There were 61 women and 39 men in the study, and the majority of the patients (n = 54) were of Northern European descent. There were no significant differences between the sexes or the races with respect to preoperative and postoperative degrees of facial symmetry (Table). Overall, the ratio of midline to lateral alar margin increased from an average of 91.1% (5.5%) (mean [SD]) before surgery to 93.8% (4.5%) after surgery (P < .001, paired t test). Other facial proportions did not change significantly (P > .10) (Figure 2). Before surgery, 42 patients were considered to have a symmetrical face, and this number increased to 62 after surgery (P < .001, χ2 test). Thirty-four of the 42 patients whose faces were perceived to be symmetrical before surgery were also perceived to have symmetrical faces based on their postoperative photographs (S-S), while the remaining 8 patients were considered to have asymmetrical faces after rhinoplasty (S-A). Of the 58 patients whose faces were perceived to be asymmetrical based on their preoperative photographs, 30 were still perceived to have asymmetrical faces after surgery (A-A), while 28 faces were perceived to have attained facial symmetry after surgery (A-S). There was a significant difference in the degree of change in facial symmetry (postoperative symmetry ratio–preoperative symmetry ratio) in the midline to lateral alar margin measurement between these 4 perceptual groups (P < .05, 1-way analysis of variance). None of the other facial measurements showed this pattern (Figure 3). This observation was further explored using receiver operating characteristic statistics. We hypothesized that perceptual shifts were likely to be attributable, at least in part, to objectively measurable changes in facial proportion, and if so, the degree of change in facial symmetry after surgery could be a perceptual shift discriminator. Figure 4 shows 2 receiver operating characteristic curves relating to S-A (Figure 4A) and A-S (Figure 4B) groups. A greater area under the curve (0.78) was observed for loss of perception of symmetry than was seen for achieving facial symmetry (area under the curve, 0.64). Seven of 8 patients with a negative perceptual shift had improvements of less than 2% in the midline to lateral alar margin, and 63% of them experienced a postoperative deterioration in nasal symmetry. Conversely, 68% of patients with a positive perceptual shift had improvements in nasal symmetry that was greater than 2%. None of the other facial ratios influenced perception.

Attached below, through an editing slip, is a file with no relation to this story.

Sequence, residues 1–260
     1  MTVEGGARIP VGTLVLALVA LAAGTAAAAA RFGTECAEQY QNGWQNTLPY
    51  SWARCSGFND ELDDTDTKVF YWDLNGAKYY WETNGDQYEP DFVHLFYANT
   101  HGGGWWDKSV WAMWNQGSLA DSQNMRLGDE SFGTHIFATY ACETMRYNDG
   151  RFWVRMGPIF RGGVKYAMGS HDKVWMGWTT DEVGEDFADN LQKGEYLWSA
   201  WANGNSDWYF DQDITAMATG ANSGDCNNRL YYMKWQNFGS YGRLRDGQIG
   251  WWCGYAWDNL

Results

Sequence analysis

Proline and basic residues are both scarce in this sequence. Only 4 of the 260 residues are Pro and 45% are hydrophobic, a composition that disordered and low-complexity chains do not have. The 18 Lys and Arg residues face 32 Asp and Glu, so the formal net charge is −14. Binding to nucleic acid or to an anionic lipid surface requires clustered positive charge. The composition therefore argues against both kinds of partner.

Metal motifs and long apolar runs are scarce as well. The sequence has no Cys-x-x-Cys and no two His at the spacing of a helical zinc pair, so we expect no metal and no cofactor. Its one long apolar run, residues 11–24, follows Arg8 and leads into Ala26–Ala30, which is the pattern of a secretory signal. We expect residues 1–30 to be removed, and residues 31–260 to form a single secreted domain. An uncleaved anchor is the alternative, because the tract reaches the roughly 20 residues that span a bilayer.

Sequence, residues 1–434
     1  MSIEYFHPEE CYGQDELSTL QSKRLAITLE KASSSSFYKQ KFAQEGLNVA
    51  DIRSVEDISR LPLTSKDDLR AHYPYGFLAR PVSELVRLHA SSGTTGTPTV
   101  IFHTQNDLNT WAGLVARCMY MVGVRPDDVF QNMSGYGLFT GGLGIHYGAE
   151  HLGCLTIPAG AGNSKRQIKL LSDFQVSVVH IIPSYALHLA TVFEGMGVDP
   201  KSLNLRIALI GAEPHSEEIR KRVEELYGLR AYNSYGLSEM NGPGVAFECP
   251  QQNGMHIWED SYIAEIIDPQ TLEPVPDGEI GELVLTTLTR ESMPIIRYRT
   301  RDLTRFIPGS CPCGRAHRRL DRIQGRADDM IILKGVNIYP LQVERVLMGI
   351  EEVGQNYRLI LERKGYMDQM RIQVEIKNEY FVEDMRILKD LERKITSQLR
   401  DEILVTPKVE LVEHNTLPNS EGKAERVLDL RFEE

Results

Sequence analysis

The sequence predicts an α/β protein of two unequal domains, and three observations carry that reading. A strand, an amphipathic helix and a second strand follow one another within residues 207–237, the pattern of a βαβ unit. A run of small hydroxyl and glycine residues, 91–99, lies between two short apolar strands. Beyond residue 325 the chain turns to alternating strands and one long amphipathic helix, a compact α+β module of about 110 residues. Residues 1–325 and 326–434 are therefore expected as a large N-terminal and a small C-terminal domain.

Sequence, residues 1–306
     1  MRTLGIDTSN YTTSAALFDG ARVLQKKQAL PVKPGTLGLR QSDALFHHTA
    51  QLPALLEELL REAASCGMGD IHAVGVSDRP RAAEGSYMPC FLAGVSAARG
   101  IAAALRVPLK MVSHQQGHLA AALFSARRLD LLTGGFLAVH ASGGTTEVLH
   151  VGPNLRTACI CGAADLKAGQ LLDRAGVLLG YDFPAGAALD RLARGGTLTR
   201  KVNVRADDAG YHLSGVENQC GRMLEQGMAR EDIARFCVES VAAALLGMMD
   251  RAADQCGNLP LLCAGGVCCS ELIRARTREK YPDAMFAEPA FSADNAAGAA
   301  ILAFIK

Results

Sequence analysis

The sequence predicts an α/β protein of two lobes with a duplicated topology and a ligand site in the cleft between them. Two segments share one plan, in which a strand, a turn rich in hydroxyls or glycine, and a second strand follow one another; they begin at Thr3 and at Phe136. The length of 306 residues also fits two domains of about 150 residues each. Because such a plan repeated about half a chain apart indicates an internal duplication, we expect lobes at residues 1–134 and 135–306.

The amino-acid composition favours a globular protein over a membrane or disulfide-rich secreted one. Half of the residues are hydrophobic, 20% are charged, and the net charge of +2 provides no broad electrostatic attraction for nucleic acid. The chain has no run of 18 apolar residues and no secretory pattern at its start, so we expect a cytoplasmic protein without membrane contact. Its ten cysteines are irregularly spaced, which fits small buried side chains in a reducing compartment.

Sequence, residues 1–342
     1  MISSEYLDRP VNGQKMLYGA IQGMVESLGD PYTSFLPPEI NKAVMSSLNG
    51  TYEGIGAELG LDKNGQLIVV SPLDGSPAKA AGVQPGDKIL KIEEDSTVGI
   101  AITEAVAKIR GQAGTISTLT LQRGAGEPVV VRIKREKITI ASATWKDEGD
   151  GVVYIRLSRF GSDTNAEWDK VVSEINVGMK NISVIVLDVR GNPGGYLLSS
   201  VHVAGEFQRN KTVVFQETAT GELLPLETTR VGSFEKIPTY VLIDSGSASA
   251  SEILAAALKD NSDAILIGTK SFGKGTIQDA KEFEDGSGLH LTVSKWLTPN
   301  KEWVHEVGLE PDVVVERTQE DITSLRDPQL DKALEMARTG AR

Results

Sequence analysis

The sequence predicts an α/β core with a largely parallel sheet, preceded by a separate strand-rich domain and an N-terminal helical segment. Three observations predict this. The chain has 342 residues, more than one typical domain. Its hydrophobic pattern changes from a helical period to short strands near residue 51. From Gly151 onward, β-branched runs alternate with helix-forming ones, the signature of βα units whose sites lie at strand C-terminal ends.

COMMENT

We studied the nature and extent of changes in objective anthropometric measurements of facial proportion resulting from aesthetic rhinoplasty and correlated these measurements with Gestalt changes in the perception of the face as symmetrical or asymmetrical. Our findings show that rhinoplasty is objectively associated with a statistically significant improvement in the degree of nasal symmetry but not in other anthropometric facial measurements (< .001). Subjectively, before rhinoplasty the majority of the faces were perceived as asymmetrical, whereas after rhinoplasty most faces were perceived as symmetrical. The degree of nasal symmetry has previously been associated with the perception of the face as symmetrical or asymmetrical in patients requesting aesthetic rhinoplasty,7 and the present study not only extends these findings but also links shifts in the perception of the face as symmetrical or asymmetrical with the attainment or loss of nasal symmetry after rhinoplasty. Most patients who experienced a positive perceptual shift had improvements in the degree of nasal symmetry that exceeded 2%. Conversely, 87.5% of patients who experienced a negative perceptual shift had improvements in nasal symmetry that were less than 2%; indeed, the majority of them, in fact, experienced loss of nasal symmetry after rhinoplasty. Loss of nasal symmetry after rhinoplasty therefore exerted a greater negative influence on perception when compared with the positive influence of attaining nasal symmetry in causing a positive perceptual shift. This is an important observation and needs to be taken into account when the relative risks and benefits of offering different surgical approaches to correct a nasal deformity are being considered.